IFFBoston: Student filmmaker drew inspiration from China trip

%22Since+The+Blood%2C%22+directed+by+Jordan+Malachi+is+an+abstract+short+film+about+a+divine+feminine+spirit+forced+to+live+as+a+human+woman.

Jordan Malachi

“Since The Blood,” directed by Jordan Malachi is an abstract short film about a divine feminine spirit forced to live as a human woman.

With the Boston Independent Film Festival finished, I’ve seen some great directors of films that have a lot to offer in the movie business. From action to comedies, documentaries and short stories, this festival season was nothing like before despite being virtual.

It was also a wonderful opportunity to see future young filmmakers during the first week of the festival. The student shorts showcase showed many amazing films and projects. 

The short film that stood out to me the most was “Since the Blood,” directed by Jordan Malachi of Fitchburg State University. The story is about an Ancient Chinese goddess’s quest to rewrite the wrong that was done to her.

Malachi was inspired by her year-long study abroad trip to China at the Tsinghua University in Beijing and is very drawn to Daoism and Taoism. I had the chance to sit down with her virtually to dive more into the piece and what inspired it. 

Malachi was so excited to be talking about her film – and funny while doing it. But she also mentioned how the pandemic struck during the middle of the production on her film, and how she had to work with her school’s new safety protocols to get the project done.

“I was sitting on this story for years,” Malachi said. “I really wanted to feel natural and it was my baby and I wanted to make it perfect.”

She also said the film was shot in the first week of March of 2020 before the COVID-19 shutdown. 

“It was supposed to all be shot in March of last year before everything fell apart,” Malachi said. “I already had a producer there.” She said her producer Morgan Wynkoop had a production after summer.

Malachi’s work was a bit difficult to create because of the pandemic and had to be reshaped due to safety guidelines at her school. She said her professor gave students the idea to improvise and to rewrite the script to fit her vision. 

“In the original, the male actor [Brandon Prentiss] was supposed to kiss the female actress [Rebecca Joseph] and touch her in the montage, but that wasn’t allowed,” Malachi said.

While we were exchanging our similar stories on traveling abroad to China and Japan, Malachi chuckled and said she “cried a little” when she found out she had been accepted to study abroad there. Going to China had been a dream of hers since she was a kid, when she was being taught Chinese by a teacher at a local high school who was very passionate about the language.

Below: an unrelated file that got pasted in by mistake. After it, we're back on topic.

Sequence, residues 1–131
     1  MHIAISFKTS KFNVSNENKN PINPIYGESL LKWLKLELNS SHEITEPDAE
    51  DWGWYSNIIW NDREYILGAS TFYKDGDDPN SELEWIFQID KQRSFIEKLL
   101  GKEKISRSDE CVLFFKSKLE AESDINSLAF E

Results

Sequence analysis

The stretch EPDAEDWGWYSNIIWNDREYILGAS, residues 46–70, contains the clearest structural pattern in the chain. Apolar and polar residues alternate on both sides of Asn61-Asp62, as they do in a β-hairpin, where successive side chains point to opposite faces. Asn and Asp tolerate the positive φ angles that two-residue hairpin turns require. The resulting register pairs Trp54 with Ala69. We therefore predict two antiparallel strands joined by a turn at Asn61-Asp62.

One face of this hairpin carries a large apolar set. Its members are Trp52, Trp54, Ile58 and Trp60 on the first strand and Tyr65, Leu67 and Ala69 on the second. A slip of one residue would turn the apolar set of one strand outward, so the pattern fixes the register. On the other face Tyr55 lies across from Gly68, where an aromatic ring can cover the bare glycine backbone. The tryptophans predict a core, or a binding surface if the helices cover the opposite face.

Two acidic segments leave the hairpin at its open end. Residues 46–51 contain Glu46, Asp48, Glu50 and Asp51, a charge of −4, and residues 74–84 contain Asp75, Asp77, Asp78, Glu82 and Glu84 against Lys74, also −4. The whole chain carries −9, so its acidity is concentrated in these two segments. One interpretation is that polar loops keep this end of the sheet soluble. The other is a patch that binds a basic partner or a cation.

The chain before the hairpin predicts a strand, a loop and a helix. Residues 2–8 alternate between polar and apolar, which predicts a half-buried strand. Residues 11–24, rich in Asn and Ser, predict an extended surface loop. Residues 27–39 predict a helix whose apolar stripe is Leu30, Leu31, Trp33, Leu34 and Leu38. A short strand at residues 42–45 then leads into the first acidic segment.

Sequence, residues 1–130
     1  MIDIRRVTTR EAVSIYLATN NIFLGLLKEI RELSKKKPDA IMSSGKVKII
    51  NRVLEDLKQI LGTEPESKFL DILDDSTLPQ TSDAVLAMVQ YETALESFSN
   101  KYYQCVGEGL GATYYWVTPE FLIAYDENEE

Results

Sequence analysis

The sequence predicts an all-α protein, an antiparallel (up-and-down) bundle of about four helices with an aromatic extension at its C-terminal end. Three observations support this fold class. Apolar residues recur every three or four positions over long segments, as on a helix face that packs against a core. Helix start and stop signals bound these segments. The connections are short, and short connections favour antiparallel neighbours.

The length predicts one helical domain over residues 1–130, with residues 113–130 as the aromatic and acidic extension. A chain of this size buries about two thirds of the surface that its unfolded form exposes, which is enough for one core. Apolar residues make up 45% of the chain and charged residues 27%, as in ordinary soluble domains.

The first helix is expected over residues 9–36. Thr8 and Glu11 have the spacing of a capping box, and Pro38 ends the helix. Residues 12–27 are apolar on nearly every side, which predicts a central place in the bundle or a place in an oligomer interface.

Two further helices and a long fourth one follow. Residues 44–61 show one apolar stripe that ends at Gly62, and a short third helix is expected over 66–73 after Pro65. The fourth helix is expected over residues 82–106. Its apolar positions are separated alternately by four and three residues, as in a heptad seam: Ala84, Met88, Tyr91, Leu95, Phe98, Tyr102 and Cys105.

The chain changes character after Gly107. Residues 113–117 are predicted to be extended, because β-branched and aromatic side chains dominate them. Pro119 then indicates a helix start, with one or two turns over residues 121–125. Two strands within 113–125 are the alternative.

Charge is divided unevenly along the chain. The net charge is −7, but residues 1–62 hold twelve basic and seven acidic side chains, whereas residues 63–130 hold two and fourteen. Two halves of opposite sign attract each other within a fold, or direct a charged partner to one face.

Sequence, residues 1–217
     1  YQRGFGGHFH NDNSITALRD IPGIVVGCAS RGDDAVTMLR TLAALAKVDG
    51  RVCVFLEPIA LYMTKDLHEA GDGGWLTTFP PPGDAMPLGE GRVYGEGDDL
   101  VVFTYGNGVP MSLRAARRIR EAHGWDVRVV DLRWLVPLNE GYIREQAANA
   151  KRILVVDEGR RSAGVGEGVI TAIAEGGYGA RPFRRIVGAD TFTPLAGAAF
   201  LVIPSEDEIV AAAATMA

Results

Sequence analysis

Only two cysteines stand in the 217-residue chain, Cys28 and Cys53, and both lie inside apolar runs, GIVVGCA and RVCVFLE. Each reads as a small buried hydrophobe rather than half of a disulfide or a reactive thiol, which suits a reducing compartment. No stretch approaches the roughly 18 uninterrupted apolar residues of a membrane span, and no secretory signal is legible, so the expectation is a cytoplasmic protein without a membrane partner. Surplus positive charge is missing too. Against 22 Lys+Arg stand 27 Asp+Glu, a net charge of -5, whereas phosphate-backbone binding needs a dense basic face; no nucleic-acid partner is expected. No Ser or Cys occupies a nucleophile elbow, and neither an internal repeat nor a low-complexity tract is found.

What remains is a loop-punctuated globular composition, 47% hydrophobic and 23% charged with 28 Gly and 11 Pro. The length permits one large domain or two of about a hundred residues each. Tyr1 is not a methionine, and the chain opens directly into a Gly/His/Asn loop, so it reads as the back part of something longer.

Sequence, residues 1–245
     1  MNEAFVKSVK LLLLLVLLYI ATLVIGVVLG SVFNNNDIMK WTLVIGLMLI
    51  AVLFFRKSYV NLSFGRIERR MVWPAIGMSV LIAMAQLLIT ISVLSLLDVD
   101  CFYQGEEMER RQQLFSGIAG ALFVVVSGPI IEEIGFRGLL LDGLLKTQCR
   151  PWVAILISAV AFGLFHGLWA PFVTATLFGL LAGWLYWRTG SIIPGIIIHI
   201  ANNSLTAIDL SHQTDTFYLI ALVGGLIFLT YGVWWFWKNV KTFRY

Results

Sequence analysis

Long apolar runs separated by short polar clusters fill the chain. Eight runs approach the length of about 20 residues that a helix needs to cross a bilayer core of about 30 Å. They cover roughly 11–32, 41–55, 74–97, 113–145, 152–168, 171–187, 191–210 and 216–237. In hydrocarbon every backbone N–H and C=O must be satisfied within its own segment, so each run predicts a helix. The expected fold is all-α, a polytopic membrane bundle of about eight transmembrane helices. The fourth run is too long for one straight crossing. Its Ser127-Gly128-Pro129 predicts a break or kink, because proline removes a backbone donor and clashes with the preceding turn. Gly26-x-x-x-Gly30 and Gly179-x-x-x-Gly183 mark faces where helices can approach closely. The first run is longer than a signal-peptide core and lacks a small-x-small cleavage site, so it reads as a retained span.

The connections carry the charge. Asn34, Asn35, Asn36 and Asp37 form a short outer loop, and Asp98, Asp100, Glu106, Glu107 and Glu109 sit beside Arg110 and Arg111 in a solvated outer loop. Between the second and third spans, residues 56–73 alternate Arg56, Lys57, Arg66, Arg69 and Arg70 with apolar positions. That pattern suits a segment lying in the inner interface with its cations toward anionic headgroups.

“After the class, I was like ‘I’m going to China,” Malachi said. “Everyone was like, ‘That’s a cute travel idea,’ and I was like, ‘No, I’m going to find a way to go.” 

Malachi talked about how things were difficult when she came back to the U.S. from her study abroad program. 

“It was like a reverse culture shock for me, I was like, why aren’t the white people speaking Russian,” she said due to China’s proximity to Russia. 

Malachi said studying abroad is a great opportunity, and if it’s your dream to travel, never give up on trying to see the world. 

“Don’t look to other people to validate [the experience] for you,” she said. 

Malachi said people would sometimes look at her differently when she mentioned wanting to go to China. They would tell her things like, “It’s so dirty there, are you sure you want to go there?” or “It’s so strange there.” But she cut those people out of her life and followed her dream to see the country and try something new. 

By the end of the interview, it was clear that being different, following your dreams and believing in your vision is what makes a film special. After graduating from Fitchburg State and doing an internship in Georgia, Malachi said she wants to make it in the film industry. 

That’s why she was so excited when chosen for IFFBoston and when I reached out to her for an interview. 

“I was like, ‘Oh my god, I made it as a writer!’” she chuckled. “Someone who looks like me thinks my story is good.” 

The way Malachi talked about her movie and her idea of filmmaking showed a true passion for this art. She has a super bright future in filmmaking ahead of her and I can’t wait to see what she has in store for us. 

You can follow Malachi on Instagram at @jmfilms98.